In contrast to Glasgow’s tough, experienced but turgid midfield and back three, Ulster’s baby- faced assassins gave the backline the look of rugby’s equivalent to Bugsy Malone, (even without Nevin Spence..) However, their ordinance was made of sterner materials than custard pies, with Leicester, Bayonne and Newcastle already feeling the full metal jacket to varying degrees.

In the competitive furnace of the Pro 12 opening night, Ulster’s Goonies again delivered the coup de grace, and learned a few more hard lessons to take forward, especially when weakly defending the Glasgow try.. Allen sluggish due to cramp, and Gilroy culpable of standing off when Seymour should have been nailed at point of contact; showing Seymour the outside line, flailing and failing with a weak challenge which Tommy finished with relish. Lessons hopefully learned..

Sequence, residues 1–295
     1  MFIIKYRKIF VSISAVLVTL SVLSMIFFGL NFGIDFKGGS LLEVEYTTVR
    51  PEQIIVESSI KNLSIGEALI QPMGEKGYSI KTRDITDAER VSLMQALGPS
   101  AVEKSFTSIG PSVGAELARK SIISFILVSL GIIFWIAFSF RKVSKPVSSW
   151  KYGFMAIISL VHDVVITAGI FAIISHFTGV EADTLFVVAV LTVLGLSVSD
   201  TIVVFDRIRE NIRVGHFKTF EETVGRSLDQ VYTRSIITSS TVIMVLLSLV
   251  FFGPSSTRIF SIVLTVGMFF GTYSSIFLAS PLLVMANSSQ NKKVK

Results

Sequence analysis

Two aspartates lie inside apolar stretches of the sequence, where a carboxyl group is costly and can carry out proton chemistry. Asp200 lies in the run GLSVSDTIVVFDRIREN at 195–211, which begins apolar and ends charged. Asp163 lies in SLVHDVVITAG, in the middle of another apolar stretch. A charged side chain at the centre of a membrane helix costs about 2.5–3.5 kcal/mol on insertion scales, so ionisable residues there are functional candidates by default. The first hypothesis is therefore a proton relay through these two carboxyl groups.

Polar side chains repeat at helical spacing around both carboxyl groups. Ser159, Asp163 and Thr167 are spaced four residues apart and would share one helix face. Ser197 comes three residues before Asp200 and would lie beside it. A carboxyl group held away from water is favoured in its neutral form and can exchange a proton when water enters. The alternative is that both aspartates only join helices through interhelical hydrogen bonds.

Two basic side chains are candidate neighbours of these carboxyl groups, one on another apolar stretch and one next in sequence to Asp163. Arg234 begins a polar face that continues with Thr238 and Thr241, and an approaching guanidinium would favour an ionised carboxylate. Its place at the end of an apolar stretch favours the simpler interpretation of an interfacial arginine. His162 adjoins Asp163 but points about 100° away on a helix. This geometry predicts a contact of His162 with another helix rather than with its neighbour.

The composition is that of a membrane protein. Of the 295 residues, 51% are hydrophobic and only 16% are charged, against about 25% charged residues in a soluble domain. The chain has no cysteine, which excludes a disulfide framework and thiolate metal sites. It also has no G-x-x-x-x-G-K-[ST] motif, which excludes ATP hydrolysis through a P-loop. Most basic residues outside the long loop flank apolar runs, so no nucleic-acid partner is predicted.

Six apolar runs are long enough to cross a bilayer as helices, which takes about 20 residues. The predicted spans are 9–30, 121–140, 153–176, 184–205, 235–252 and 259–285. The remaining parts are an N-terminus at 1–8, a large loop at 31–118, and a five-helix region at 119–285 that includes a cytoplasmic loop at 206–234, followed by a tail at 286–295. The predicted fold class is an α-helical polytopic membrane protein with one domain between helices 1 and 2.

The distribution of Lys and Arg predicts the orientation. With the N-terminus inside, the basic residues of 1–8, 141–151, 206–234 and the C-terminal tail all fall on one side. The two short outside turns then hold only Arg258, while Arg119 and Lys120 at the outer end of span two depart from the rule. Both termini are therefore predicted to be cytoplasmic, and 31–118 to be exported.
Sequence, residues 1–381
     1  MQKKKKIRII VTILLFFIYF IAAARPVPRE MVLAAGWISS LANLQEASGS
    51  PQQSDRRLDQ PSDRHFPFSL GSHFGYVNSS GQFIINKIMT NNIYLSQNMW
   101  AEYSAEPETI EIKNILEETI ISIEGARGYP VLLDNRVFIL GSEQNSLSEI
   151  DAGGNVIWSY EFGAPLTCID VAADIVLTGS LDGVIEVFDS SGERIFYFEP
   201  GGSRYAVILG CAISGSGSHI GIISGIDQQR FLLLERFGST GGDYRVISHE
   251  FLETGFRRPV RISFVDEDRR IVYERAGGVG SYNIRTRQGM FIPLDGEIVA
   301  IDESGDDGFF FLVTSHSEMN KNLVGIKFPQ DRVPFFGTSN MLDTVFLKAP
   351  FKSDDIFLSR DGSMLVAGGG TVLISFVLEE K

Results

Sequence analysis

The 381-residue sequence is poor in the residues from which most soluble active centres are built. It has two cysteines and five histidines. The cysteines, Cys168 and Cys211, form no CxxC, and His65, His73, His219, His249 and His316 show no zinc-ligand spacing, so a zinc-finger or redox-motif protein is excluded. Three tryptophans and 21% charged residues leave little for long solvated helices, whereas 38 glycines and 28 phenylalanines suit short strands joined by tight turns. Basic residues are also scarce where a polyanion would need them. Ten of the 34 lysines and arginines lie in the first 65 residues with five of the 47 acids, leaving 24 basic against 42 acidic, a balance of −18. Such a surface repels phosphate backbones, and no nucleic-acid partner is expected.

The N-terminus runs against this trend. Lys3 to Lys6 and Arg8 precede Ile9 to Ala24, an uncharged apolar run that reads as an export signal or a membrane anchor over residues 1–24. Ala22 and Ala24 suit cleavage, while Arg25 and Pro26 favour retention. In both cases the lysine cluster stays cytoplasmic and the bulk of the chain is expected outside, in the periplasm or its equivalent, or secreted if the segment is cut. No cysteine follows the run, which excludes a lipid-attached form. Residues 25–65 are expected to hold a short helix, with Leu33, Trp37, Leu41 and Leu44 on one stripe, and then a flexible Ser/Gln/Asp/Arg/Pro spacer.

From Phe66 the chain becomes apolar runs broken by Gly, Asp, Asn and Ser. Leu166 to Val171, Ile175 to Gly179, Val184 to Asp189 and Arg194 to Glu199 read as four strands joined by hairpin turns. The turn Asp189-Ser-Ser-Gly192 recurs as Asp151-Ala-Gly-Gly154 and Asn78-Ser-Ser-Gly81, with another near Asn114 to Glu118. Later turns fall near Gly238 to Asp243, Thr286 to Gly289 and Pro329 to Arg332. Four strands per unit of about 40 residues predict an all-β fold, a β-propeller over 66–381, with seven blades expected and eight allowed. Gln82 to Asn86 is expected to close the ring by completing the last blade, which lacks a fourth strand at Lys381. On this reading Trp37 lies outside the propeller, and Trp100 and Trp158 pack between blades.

All told, the youthful Ulster backline, ably marshalled by the classy, swashbuckling, visionary Payne (looking significantly bulked up and hungry,) were more than a match for their more experienced and grizzled opponents, a pleasing influx of academy and development players laying a marker. Ulster and Anscombe looking forward and trusting callow youth instead of looking back; long may it continue, lest “we open a quarrel between past and present, and in doing so, find we lose the future..”

Up front, aside from MOTM Diack, Stevenson was again immense, pummelling the gain line with surging pick and drives, perfect foil to captain Muller; both locks stifling Glasgow attacks repeatedly with engulfing tackles, and text book rucking. All 3 jumpers reaped steals on poor Glasgow throws and via pure anticipation. This will be a formidable weapon, with Tuohy also to come back.